FDA chief: Calorie labeling rules more difficult than expected

New regulations requiring most restaurants to post calorie information about their food were difficult to write but will be out “soon,” according to the head of the Food and Drug Administration (FDA).

FDA Commissioner Margaret Hamburg said at an event sponsored by Bloomberg Government on Tuesday that crafting the rules, which will apply to restaurants with 20 or more locations, was “more complicated” than she originally expected.


When she first heard that the agency would be in charge of issuing the regulations under the Affordable Care Act, Hamburg said she “actually thought that will be one of the most straightforward tasks.”

“Little did I know how complicated it would be,” she said, to determine which establishments would be required to post the information.

The law calls for the agency to mandate calorie labels at vending machines, restaurants and “similar retail food establishments” to help consumers make healthier choices and discourage obesity.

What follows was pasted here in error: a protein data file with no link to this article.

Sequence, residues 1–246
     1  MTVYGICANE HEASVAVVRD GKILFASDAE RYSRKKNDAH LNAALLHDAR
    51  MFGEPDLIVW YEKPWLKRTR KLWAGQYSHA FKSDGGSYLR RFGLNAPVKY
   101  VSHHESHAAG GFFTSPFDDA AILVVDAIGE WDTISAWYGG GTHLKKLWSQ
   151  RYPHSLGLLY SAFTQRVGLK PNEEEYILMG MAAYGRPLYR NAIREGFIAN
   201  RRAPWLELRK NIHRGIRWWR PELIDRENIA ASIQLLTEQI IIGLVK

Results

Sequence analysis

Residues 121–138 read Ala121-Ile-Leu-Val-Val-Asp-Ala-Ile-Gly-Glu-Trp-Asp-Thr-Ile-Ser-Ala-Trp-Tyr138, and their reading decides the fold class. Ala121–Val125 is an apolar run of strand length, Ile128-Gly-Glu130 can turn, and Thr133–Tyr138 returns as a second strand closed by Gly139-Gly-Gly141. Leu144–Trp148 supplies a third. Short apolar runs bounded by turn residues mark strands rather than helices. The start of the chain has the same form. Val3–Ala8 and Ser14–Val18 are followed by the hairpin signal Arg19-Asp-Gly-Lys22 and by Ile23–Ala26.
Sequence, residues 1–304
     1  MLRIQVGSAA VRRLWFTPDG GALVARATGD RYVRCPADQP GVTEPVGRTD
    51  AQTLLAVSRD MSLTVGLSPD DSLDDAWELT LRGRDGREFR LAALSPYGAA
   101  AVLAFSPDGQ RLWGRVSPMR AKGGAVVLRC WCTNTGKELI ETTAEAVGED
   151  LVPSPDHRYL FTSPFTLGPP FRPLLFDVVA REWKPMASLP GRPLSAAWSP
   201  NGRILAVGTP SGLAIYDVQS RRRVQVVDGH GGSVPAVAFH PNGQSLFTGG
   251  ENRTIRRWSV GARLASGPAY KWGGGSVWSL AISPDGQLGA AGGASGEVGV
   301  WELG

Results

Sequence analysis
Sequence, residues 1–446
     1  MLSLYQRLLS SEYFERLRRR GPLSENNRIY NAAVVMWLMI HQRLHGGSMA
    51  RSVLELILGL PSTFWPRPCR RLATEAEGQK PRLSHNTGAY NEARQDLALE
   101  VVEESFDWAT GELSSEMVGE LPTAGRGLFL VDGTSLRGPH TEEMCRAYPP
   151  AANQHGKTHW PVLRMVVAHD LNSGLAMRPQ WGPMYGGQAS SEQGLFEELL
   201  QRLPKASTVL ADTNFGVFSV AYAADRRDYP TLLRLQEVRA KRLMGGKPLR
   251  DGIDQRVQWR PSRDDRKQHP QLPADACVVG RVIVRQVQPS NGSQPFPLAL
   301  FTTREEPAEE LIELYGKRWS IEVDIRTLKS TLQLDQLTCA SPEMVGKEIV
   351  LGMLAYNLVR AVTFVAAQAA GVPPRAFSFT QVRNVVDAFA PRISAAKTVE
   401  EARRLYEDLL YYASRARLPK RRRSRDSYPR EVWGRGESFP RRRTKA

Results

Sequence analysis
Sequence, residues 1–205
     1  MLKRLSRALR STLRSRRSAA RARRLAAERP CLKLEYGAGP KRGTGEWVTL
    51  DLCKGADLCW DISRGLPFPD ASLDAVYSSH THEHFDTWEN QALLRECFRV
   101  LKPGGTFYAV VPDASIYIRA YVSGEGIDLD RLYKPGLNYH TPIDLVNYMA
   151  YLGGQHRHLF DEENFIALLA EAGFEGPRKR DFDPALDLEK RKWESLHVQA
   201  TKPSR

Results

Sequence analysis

Defining precisely which outlets count as “similar retail food establishments,” however, has been “the most complicated” part of writing the new rule, Hamburg said.

“Should a movie theater that has a full menu and has all kinds of foodstuff be included in menu labeling?” she asked. "Or what about a pizza place that doesn’t allow patrons to dine in and only delivers?"

Movie theaters will be exempt from the requirement, according to the FDA.

The regulations were first proposed in April of 2011. The FDA received more than 900 comments based on the initial draft, which the agency is still reviewing.

“We’ve put out proposed rules about menu labeling and we’re now in the process of responding to all of the feedback that we’ve gotten,” Hamburg said. “We’re making it through that process and I think we’ll be coming out with final rules soon.”

The regulations were previously expected to be released in September.

Many conservatives and business groups have protested the regulations, arguing that they represent government interference in private businesses and would be too expensive to implement. 

Some restaurant groups have backed the new rules, but convenience stores, supermarkets, pizza chains and others have lobbied for exemptions from the requirements.

According to the FDA’s analysis, the new regulation could cost as much as $537 million.